Saturday, April 27, 2019

NYT abandons “literally Hitler”

I guess the editors decided portraying Jews as dogs was best left out of the domestic edition.

Thursday, April 25, 2019


A clear explanation of the dishonest distortions of Roger Scruton.

A decade ago I was asked who I thought was the most destructive person in American politics. I chose Jonathan Stewart, the high priest of drive-by distortion. I still like that choice. This is an example of why. I was also asked what I thought the biggest single problem in American politics was. My answer is that most people think ad hominem is a valid argument. I still like that answer too.

UPDATE: This from Althouse is on point. I agree perfectly. Think about it: Day 1 and he has already ceded the moral high ground, to Donald Trump.

Wednesday, April 24, 2019

Mini mystery reviews

I have read only a few mysteries recently.

Till Death Do Us Part John Dickson Carr. Is Dick Markham's fiancée Lesley Grant a serial poisoner who committed a series of locked room murders? Another man is killed in the same way ... This is one of Carr's best books, from 1944. I did not solve it, or even get very close. 5/5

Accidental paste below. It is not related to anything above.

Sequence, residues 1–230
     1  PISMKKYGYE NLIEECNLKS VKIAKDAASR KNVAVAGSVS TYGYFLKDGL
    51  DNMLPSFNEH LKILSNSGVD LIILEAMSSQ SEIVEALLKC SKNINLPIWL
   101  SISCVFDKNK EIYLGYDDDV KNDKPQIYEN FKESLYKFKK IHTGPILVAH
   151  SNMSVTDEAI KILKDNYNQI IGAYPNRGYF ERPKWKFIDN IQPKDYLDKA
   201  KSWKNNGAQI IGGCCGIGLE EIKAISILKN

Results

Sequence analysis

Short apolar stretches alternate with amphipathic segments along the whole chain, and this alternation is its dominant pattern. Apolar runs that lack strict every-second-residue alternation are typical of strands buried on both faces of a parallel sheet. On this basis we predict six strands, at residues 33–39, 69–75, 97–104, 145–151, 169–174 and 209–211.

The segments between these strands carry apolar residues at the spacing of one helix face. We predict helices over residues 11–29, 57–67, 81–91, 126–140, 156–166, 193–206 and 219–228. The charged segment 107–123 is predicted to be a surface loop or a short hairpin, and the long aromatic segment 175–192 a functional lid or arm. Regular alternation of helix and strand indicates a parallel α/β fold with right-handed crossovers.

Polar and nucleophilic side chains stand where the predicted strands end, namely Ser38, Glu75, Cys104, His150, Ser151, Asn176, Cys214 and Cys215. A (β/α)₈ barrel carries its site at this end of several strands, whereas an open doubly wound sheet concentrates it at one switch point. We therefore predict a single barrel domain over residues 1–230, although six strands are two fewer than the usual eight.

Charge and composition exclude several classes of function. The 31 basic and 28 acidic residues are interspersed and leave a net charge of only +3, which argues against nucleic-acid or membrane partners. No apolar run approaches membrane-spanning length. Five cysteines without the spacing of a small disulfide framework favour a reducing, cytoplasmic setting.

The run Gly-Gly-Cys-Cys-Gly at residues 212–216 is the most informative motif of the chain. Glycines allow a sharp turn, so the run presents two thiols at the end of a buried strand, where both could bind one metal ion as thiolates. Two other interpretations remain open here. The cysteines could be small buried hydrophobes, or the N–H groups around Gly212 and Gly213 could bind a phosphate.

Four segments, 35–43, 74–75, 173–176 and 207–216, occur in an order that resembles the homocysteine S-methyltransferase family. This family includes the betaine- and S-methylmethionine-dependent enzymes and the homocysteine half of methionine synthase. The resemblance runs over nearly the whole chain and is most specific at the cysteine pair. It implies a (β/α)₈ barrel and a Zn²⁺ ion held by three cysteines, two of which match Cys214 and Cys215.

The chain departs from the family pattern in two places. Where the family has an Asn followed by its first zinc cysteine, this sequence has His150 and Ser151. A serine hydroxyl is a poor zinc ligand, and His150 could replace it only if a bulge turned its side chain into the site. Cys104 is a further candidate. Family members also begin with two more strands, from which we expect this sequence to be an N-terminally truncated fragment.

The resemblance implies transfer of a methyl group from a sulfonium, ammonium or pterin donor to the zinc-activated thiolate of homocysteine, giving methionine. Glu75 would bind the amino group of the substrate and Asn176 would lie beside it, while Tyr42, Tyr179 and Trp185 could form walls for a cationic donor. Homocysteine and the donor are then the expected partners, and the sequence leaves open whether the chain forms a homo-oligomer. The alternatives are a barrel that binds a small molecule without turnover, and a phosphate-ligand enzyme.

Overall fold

Chef Maurice and a Spot Of Truffle J. Lang. A modern cozy about a chef in the Cotswolds, a trufflehunting pig, and murder. It's often pretty funny, sometimes a bit cloying, and has an okay mystery. Somewhere between 3 and 4 out of 5. Several mystery bloggers liked it a lot.

An Elderly Lady Is Up To No Good H. Tursten. Maud is pushing 90, and she eliminates some annoyances in her life, by murdering them. Five stories. Droll, but the last two linked stories are a bit of a let down. Short. 3/5

Laura Vera Caspary. The basis of the famous movie, with Clifton Webb as Waldo Lydecker, and Gene Tierney in the title role. The movie is quite faithful to the book; Lydecker is big and fat in the book, but Webb catches him perfectly. There are several narrators in the book, but Waldo is most interesting.
The movie is better, see it first, but this is well worth reading. Cheap in Kindle. 4/5

Puzzle For Fools Patrick Quentin, 1936. The first of the Peter Duluth books, set in a psychiatric ward. Some of the characteristic QPQ humor, and some nice points in the solution, but it felt artificial and contrived to me. And not enough Iris, whom I usually image as Myrna Loy. I found this the least satisfactory QPQ so far. 3/5, just barely.

There's Trouble Brewing Nicholas Blake 1937. The third Nigel Strangeways. This is so obvious from the start that it makes all the investigation and theorizing tedious. I have liked other Blake books but not this one. 1/5.

The Reader is Warned Carter Dickson 1939. Can thoughts kill? Henry Merrivale thinks not, but bodies start dropping. This is one of Carr's most complex plots, and so other aspects of the story suffer a bit. It's easy to partly solve, but the core of the solution I missed, as does nearly everyone. 4/5  if you like complex puzzles. If Agatha Raisin is more your style, pick another Carr, like The Judas Window.

Fat Woke